January 12, 2007 7:36 AM PST

Week in review: Apple steals the show

As two major tech conferences competed for the attention of the gadget-conscious world, it was Apple Chief Executive Steve Jobs who stole the spotlight.

In one of the most anticipated gadget announcements in recent years, Jobs kicked off the Macworld Expo by introducing the "iPhone," a mobile device he promised will reinvent the cell phone. The Mac OS X-based iPhone is most akin to an iPod in design, but it enables users to listen to music, make phone calls, send text messages and e-mail, surf the Web, and take and upload photos--all using a wide touch screen and a single button.

Macworld

Apple plans to make the device available in the United States in June, with a 4GB model going for $499 with a two-year service contract and an 8GB model with the same contract for $599.

Jobs also used his keynote to announce the Apple TV, a home-networking device he first mentioned at a product showcase in September 2006. The device lets users stream content from up to five computers and "autosync" content from iTunes to one computer.

Jobs said that through using iTunes and the iPod, people are already familiar with syncing data, and the Apple TV will be updated in much the same way. The $299 Intel chip-based device will have 720p high-definition video and a 40GB hard drive to store up to 50 hours of video. It will use 802.11n, the new draft Wi-Fi standard. Apple plans to begin taking orders Tuesday and start shipping the product in February.

While it's obvious that mobile-handset makers such as Sony Ericsson, Samsung Electronics, Motorola and LG Electronics, which all make music-playing cell phones, will see the iPhone as a threat, wireless operators such as Verizon Wireless and Sprint Nextel, which have built their own virtual stores for downloading music, might also be threatened by the new product.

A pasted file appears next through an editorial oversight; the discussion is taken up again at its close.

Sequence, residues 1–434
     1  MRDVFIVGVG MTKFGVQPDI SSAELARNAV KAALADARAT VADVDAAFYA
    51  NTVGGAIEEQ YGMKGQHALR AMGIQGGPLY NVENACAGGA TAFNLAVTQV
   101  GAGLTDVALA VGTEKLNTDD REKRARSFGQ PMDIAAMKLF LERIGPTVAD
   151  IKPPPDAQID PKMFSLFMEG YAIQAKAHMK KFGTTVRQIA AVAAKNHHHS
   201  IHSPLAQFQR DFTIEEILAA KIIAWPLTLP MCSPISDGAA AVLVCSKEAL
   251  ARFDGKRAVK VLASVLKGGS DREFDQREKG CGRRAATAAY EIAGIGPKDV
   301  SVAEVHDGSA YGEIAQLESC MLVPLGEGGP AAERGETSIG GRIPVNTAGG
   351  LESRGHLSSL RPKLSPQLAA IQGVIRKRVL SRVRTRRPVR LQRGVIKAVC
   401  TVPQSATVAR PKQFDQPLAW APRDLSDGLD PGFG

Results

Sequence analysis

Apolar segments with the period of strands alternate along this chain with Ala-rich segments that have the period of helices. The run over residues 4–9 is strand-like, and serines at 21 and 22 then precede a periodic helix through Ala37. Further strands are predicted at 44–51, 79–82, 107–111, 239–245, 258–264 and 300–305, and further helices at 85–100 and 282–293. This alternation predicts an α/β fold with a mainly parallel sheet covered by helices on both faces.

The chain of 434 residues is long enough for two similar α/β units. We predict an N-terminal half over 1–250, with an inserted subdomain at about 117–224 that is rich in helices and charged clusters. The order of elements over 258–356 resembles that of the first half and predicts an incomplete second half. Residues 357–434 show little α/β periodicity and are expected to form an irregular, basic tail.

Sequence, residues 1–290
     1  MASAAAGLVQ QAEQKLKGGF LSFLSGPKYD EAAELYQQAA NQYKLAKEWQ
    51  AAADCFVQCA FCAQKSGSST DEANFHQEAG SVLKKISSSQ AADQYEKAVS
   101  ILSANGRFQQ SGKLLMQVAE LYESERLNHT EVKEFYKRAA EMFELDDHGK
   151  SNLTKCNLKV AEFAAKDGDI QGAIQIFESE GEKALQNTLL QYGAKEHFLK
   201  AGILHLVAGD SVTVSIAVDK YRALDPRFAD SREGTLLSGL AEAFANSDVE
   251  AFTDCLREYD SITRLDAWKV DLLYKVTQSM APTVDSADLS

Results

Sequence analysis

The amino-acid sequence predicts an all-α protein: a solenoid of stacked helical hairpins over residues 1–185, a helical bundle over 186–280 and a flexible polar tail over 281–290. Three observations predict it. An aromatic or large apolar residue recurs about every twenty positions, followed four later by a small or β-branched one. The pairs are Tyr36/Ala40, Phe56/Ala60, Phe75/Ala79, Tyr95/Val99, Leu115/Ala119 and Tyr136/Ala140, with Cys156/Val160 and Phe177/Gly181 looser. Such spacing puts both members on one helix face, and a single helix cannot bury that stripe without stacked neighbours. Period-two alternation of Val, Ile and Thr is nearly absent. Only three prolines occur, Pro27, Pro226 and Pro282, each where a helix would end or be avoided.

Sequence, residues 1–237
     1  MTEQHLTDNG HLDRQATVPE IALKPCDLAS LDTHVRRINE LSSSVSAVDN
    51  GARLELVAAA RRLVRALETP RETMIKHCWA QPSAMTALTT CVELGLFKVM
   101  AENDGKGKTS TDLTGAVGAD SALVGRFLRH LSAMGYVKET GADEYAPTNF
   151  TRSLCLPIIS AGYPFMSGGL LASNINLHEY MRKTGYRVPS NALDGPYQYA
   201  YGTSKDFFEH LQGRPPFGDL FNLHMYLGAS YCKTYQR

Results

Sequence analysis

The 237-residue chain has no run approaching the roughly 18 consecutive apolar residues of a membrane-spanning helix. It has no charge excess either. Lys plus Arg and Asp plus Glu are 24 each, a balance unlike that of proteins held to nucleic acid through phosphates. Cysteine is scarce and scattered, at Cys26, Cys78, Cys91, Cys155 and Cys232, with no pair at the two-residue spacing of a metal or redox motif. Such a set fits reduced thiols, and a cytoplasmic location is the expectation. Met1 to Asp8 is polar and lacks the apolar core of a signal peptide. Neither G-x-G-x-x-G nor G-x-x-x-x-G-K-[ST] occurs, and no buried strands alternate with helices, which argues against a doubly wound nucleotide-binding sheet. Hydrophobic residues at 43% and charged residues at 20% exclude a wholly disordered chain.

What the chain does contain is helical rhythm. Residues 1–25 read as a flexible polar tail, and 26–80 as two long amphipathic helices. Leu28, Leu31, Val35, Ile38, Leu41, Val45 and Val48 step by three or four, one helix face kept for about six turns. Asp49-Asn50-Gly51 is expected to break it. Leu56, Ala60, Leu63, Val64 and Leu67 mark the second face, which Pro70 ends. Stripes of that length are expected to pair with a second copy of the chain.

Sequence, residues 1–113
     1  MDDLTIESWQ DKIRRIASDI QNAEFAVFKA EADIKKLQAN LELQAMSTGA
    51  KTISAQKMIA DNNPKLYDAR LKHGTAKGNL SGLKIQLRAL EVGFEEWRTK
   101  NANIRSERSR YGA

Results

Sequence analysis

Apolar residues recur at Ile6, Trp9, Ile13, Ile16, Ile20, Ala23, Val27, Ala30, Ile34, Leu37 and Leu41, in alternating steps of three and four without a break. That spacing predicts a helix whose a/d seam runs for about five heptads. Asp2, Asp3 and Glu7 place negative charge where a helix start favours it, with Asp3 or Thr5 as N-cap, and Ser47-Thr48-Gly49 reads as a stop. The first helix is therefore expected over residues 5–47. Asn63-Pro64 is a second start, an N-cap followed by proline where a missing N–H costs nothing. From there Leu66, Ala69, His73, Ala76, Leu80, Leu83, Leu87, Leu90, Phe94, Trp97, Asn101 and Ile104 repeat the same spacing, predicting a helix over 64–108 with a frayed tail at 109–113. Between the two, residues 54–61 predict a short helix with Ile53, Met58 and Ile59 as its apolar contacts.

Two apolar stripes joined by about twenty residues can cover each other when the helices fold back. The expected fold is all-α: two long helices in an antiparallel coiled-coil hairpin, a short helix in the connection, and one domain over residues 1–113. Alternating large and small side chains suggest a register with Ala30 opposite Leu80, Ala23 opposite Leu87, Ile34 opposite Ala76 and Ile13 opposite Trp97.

One company unhappy with at least one aspect of the iPhone announcement, Cisco Systems, filed a lawsuit. The networking-gear company accused Apple of infringing Cisco's iPhone trademark. The suit also accuses the iPod maker of using a front company to try to acquire rights to the name.

Cisco said in the complaint that Apple had attempted to get rights to the iPhone name several times, but after Cisco refused, Apple created a front company to try to acquire the rights another way, according to the lawsuit.

Cisco obtained the iPhone trademark in 2000 when it acquired Infogear, a small Redwood City, Calif., start-up that developed consumer devices enabling people to easily access the Internet without a PC.

The iPhone announcement lit up CNET News.com's TalkBack forum, with readers debating the value and innovation of some of the device's features. However, many readers seemed to agree that the new phone would make a big splash in the mobile market.

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Steve Jobs, Cisco Systems Inc., Week in review, Apple Computer, Apple iPhone

 

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